The Los Angeles Clippers are playing for their playoff lives. With the window starting to close, time running out, and the gap between themselves in 10th and the final Western Conference playoff spot expanding, the Clippers need a desperate push over these final weeks to sneak in. However long the odds at this point, the Clippers should be hungry when they visit the Air Canada Centre on Sunday, even if they’re also a little tired at the tail end of a road-trip.
The Toronto Raptors, on the other hand, are…less hungry. For a few weeks now, they’ve only really gotten up for games against top competition. Against lesser teams, they’ve been content to cruise until they need to flip a switch to win games late. The result has been a league-best offense since the All-Star break that’s helped paper over a noticeably sliding defense. The sense Friday was that the Raptors are finally ready to cut this out – there are just nine games left to get into a groove for the postseason, and the Clippers mark the first of six in a row against winning teams. The Raptors will either turn it on here against a stiffer stretch, or someone in the next few games will serve a reminder that they need to play more than one or two quarters sometime soon.
In years past, this matchup would be a sort of mirror reflection. The Clippers are Raptors West, the Raptors are Clippers East, or however The Great William Lou used to put it. That’s no longer true, as the Clippers are in a transitioning phase. (It is somewhat amusing, though, that the only precedent for a team running a successful all-bench unit in the playoffs is a 2013-14 Clippers team that got bounced in the first round.) Instead, this is a battle between a team possibly lacking the firepower to match their desperation against a team that hasn’t consistently mustered up the feeling of necessity to unleash their own. It’s reductive, but it’s hard to figure how this one plays out until it’s clear what gear the Raptors are coming out in.
The game tips off at 6 on TSN 1/3/4 and TSN 1050.
Blake Murphy: After a tough loss to Indiana on Friday, the Clippers find themselves 2.5 games out of the final playoff spot in the Western Conference. Is there much confidence left surrounding a potential last-ditch effort to make it in?
Lucas Hann: I think a playoff push is still technically possible–someone will slip, and if the Clippers go on a winning streak and win some big head-to-head match-ups, they can get in. It isn’t a super likely scenario, but it’s a plausible one, at least. The Clippers, as currently constructed, don’t seem very likely to win many of those games, but beginning in this game against the Raptors, two-way contract players Tyrone Wallace and C.J. Williams are eligible to re-join the team, which will help the Clippers’ depth issues. If Danilo Gallinari returns from his injury any time soon, they’ll add one of their main scorers to the mix. So, sure, it’s possible. I think the relief might be that there’s no playoff expectation for the Clippers, given the trades of Chris Paul and Blake Griffin and the massive amount of injuries they’ve suffered. If they get in, then it’ll be fun to have some playoff action. But if they miss the post-season, they’ll have two lottery picks and a nice cast of returning pieces heading into next year.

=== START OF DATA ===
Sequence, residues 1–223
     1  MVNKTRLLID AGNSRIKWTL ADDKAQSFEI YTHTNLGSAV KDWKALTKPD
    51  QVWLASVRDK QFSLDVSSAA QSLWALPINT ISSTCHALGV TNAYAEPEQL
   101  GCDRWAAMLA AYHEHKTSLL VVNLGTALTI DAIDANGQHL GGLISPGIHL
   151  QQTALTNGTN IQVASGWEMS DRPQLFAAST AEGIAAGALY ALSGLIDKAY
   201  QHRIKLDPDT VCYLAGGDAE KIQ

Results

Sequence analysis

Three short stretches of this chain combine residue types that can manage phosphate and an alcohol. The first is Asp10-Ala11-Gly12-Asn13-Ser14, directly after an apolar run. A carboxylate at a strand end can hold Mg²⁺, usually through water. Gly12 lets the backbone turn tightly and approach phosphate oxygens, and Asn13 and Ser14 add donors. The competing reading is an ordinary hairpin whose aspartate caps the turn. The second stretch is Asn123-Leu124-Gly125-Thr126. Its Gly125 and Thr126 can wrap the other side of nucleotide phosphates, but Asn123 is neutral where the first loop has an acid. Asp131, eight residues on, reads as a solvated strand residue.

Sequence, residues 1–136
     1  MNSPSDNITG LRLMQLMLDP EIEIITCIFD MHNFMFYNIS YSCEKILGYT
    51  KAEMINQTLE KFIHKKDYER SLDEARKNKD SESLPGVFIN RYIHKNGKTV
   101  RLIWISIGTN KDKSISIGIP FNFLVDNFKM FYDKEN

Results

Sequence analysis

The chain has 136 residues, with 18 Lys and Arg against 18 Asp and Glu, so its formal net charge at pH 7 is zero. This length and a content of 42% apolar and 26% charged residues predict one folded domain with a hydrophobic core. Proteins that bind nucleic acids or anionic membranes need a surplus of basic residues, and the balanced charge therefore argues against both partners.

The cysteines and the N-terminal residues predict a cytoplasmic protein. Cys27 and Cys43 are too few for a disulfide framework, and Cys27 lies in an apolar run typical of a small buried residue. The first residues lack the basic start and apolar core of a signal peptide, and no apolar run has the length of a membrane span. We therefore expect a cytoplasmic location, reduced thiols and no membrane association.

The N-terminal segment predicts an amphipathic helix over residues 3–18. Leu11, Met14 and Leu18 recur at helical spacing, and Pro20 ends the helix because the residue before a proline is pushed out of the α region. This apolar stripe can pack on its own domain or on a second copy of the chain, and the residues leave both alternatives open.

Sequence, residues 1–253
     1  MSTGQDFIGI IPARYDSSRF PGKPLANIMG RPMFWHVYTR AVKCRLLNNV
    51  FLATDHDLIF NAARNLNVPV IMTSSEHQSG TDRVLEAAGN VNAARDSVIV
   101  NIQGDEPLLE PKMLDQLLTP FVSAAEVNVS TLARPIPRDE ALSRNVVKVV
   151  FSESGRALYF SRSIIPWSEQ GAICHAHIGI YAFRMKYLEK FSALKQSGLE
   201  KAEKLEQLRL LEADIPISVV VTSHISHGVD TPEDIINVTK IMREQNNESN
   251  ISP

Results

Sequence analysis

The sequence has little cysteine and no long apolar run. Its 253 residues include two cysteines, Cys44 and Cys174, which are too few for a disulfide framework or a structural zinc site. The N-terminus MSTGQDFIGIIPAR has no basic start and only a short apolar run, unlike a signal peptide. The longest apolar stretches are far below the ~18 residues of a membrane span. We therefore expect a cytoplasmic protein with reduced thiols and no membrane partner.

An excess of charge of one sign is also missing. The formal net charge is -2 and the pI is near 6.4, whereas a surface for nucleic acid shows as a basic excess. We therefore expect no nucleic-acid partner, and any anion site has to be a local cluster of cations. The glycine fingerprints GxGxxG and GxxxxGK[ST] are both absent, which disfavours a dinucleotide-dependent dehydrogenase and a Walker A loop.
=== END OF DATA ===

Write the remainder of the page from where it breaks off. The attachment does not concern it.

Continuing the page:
Blake Murphy: It’s been a weird year or so for the Clippers. After dealing Chris Paul in the summer and Blake Griffin mid-season, making the playoffs would be a somewhat unexpected ending. Failing that, what can the franchise take away from this season as they plot the direction moving forward?
Lucas Hann: The Clippers have done a lot to try to improve their long-term situation in the last nine months. The result of the Paul and Griffin trades is this: Patrick Beverley, Lou Williams, Sam Dekker, Montrezl Harrell, Tobias Harris, Avery Bradley, Boban Marjanovic, and Detroit’s 2018 first (and a pick from Houston that became Danilo Gallinari). Dekker and Boban aren’t really looking like rotation pieces at the moment, but you’ve got five rotation guys and a lottery pick in that group, which is a really big part of the team. Add it to DeAndre Jordan, Austin Rivers, and the Clippers’ own young guys–Jawun Evans, Sindarius Thornwell, Tyrone Wallace, and LAC’s upcoming pick–and you’ve got a lot of valuable pieces. They’ve used this season as an opportunity to acquire assets and gauge whether their existing pieces are worth keeping around.
Blake Murphy: How has Tobias Harris fit in since coming over? He looks like a nice piece to have around on a reasonable deal for 2018-19 or a potentially attractive trade chip if the team goes another direction.